I was really quite impressed. Most of the Covid anti-vaxxers I’d encountered on the Internet were prone to making wild, very doubtful charges involving gigantic body-counts but I encountered very little of such grandiosity in this extremely sober 500 page discussion of the subject.


I’m very pleased to report that Will Jones, the editor of Britain’s Daily Sceptic webzine, has now published another important new article on the origins of the global Covid epidemic, declaring that the lab-leak theory so widely accepted across alternative media circles for the last three years “is almost certainly false.”

Webzine founder Toby Young Tweeted out the piece to his 250,000 followers, and it was also immediately republished by America’s Brownstone Institute.

The Daily Sceptic and the Brownstone Institute are two of the leading alt-Covid publications of the Anglosphere, and this latest article followed four others that they had previously cross-published related to the same origins question. Those had also prompted Brian Mowrey, an alt-Covid writer on Substack, to provide his own overview of all of this material.

A half-dozen substantial articles released within just a few weeks is certainly a significant trend. Last week I had already discussed the tremendous potential importance of this ongoing development, noting that leading alt-media publications and public figures have now joined this renewed effort to finally uncover the origins of the Covid epidemic that took so many millions of lives worldwide.

Prof. Jeffrey Sachs of Columbia University is an academic of the highest mainstream respectability who had spent the last two years as chairman of the Lancet‘s Covid Commission. Then a few months ago, he received international attention when he publicly sugggested that the virus was very likely bioengineered and called for an end to what he condemned as an ongoing governmental attempt to cover-up its true origins.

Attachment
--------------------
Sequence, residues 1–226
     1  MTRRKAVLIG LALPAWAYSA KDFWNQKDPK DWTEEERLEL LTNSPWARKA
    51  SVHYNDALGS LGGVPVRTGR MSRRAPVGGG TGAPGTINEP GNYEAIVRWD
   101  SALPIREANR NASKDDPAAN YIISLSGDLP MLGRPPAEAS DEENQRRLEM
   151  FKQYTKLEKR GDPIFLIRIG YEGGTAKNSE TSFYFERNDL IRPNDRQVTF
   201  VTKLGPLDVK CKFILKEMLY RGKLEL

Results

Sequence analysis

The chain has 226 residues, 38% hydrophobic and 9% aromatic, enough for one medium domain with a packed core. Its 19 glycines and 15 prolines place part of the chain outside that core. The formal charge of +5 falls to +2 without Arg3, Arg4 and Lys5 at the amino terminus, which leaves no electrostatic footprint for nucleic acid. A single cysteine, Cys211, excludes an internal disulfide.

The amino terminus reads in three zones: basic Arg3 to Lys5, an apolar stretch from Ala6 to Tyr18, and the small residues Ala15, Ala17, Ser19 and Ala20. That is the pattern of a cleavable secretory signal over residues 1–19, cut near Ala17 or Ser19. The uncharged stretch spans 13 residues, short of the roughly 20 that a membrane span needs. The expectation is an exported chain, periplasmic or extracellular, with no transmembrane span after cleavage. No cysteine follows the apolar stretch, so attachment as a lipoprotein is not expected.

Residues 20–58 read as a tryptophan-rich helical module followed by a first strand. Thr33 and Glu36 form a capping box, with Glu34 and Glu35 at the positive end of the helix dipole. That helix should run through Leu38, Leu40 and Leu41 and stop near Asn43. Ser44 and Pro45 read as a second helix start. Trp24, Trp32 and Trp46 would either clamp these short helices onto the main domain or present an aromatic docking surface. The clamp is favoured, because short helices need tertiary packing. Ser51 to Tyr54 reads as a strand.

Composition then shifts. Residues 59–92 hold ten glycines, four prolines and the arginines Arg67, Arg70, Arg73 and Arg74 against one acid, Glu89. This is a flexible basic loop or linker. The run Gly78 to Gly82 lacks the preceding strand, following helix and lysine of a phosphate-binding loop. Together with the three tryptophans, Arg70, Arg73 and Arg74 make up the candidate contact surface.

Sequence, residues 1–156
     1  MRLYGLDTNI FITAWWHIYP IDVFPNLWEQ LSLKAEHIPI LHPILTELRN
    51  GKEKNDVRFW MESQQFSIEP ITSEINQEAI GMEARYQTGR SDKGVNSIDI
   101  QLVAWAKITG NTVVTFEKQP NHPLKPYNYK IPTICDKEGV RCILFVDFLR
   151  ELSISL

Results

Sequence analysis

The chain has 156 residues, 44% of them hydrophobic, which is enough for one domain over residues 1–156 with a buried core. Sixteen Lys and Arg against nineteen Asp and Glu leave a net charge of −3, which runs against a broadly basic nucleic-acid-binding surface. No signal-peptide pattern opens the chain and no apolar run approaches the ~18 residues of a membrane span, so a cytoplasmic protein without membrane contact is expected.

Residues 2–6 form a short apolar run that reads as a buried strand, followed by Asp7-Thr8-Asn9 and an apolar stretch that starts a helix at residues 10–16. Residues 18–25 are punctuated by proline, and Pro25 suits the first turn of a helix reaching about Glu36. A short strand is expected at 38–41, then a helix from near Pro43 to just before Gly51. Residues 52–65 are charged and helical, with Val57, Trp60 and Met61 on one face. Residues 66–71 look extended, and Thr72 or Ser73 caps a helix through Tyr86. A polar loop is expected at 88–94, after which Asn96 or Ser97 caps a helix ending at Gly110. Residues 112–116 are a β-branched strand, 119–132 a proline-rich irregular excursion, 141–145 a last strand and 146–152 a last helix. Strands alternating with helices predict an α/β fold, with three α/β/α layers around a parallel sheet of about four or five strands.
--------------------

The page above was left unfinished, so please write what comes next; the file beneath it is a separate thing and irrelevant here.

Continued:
His October podcast interview on Max Blumenthal’s Grayzone is now approaching 400,000 views, already the second most popular video ever shown on that channel.

Individuals such as Prof. Sachs possess enormous international credibility. Meanwhile, alternative outlets such as the Daily Sceptic, the Brownstone Institute, and the Grayzone provide a growing media reach, both directly and through the independent journalists and writers whom they influence. Taken together, this potent combination might successfully challenge the powerful cover-up that has been maintained for the last three years by the American government and its subservient MSM allies.

These media developments represent a crucial addition to my own writings on this same subject.

This new material has also sparked renewed interest in my own Covid analysis, with my podcast interviews from last February already approaching a half-million views on Rumble this month, and likely to reach a total of 3 million within the next few days.

Kevin Barrett, FFWN • February 16, 2022 • 15m

Video Link

Geopolitics & Empire • February 1, 2022 • 75m

Video Link

Red Ice TV • February 3, 2022 • 130m

Video Link.


Many have declared that our alternative webzine features some of the most controversial content published anywhere on the Internet, notably including the explosive articles in my own lengthy American Pravda series.

Meanwhile, the global Covid epidemic has been the dominant issue of the last three years, generating more controversy than any other topic, at least prior to the outbreak of the Russia-Ukraine war.